- Lungworms live in the pulmonary arteries and an infestation can be fatal
- They are transmitted to dogs and cats that eat infected slugs, snails and frogs
- For more information on Lungworm please see the links below
Other less common worm types
- These worms mainly affect dogs and rarely cats.
- In addition to living in the animal’s small intestine, the hookworm larvae can penetrate skin (usually the feet) and cause infection.
- Hookworms are thought to infect up to 68% of the fox population.
- These worms live in the dog’s large intestine. (they don’t affect cats)
- Dog’s become infected by ingesting eggs in the environment that have been passed in faeces of infected dogs.
- These worms are not native the UK, but they do now pose a risk because of animals travelling abroad and back home, or animals being imported to the UK.
- They are transmitted by mosquitoes and live in the pulmonary arteries and heart of infected dogs and cats.
Signs that your pet may have worms
You may not realise you pet has worms at all because not all pets show these signs, or indeed any signs, until the infestation is a heavy one. Remember, prevention is easier than cure.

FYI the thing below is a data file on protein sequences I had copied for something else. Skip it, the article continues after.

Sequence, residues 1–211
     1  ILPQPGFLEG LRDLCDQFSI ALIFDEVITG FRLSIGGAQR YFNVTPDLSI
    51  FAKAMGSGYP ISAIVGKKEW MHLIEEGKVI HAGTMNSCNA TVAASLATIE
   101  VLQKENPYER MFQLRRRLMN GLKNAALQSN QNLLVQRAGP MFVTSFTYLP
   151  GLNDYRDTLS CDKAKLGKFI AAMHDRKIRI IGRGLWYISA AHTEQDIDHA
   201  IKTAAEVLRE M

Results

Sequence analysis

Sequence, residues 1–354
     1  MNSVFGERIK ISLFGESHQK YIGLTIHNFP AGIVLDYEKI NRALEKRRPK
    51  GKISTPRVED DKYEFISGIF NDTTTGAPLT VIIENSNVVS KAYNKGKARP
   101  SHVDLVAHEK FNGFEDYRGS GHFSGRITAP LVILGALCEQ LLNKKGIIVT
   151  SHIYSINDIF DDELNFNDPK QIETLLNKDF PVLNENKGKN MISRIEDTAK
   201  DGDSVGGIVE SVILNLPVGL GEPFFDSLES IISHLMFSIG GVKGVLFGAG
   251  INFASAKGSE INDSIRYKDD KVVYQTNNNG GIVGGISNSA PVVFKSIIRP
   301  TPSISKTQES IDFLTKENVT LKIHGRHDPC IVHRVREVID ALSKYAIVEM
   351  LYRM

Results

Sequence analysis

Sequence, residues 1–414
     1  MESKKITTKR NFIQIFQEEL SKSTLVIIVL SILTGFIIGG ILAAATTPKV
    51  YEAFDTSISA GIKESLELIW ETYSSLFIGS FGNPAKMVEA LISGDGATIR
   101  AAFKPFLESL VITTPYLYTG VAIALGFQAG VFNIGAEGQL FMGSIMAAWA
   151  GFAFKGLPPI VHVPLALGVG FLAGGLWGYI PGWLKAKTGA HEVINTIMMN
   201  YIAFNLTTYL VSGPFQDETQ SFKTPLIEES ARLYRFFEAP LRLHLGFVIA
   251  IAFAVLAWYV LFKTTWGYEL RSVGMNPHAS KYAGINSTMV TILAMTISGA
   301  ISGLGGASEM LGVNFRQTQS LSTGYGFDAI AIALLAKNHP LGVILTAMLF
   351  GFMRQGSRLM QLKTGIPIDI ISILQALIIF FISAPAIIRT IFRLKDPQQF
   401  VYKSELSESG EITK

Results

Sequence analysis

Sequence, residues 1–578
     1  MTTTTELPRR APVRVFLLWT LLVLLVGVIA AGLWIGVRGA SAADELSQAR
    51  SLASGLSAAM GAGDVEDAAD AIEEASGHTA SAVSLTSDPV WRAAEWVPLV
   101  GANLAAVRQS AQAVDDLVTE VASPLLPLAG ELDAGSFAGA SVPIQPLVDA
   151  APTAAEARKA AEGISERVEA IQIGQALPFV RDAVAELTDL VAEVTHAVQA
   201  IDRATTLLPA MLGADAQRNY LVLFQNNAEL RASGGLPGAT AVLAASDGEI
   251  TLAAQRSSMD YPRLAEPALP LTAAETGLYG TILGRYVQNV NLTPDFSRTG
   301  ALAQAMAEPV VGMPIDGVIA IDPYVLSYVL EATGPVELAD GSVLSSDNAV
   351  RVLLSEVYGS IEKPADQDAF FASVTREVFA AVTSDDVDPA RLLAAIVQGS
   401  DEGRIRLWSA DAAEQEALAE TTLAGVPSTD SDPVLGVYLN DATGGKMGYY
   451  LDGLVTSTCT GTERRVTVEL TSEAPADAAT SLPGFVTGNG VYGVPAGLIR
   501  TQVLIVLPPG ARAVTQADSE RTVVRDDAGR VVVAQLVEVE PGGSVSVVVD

- Small white segments (roughly the size of a grain of rice) may be seen around your pet’s bottom area or in the faeces
- Your pet may cough up / vomit Roundworms if he or she has a heavy infestation
- Itchy bottoms may cause them to ‘Scoot’ along the ground
- You may see worms in your pets poo
- Increased appetite
- Vomiting and/or Diarrhoea
- Weight loss
- Loss of coat condition
- Pot belly – usually only seen in puppies or kittens
How often should I worm my dog and cat?
Current guidelines advise worming cats and dogs at least 2-4 times a year, depending on the pet’s lifestyle – Worm more frequently (every 1-2 months) if your pet has regular access to children under 4 years old, anyone that may be immunosuppressed, your pet hunts, your pet likes to eat dead animals, or your pet likes to eat poop from other animals. Your vet or veterinary nurse can best advise you on a worming protocol for your pet.
Worming preparations have a very short duration of action and they do not remain in the body or active against worms after this period, which is why it is important to repeat the treatment several times a year.
(See below for details of worm egg counts)
The risk to humans
Toxocariasis is thankfully rare in the UK (usually around 4-10 cases a year). Infection happens when Roundworm larvae from an animal are ingested by a human. Usually the larvae will just die off in the human digestive tract, but in some cases the larvae survive and can migrate and encyst in organs or they reach the eye and cause blindness. Children are at a higher risk of infection as they are often close to pets and play in outdoor areas where parasites may have been deposited; infection can also happen in immunocompromised people, whose bodies cannot naturally kill off the larvae in the digestive tract.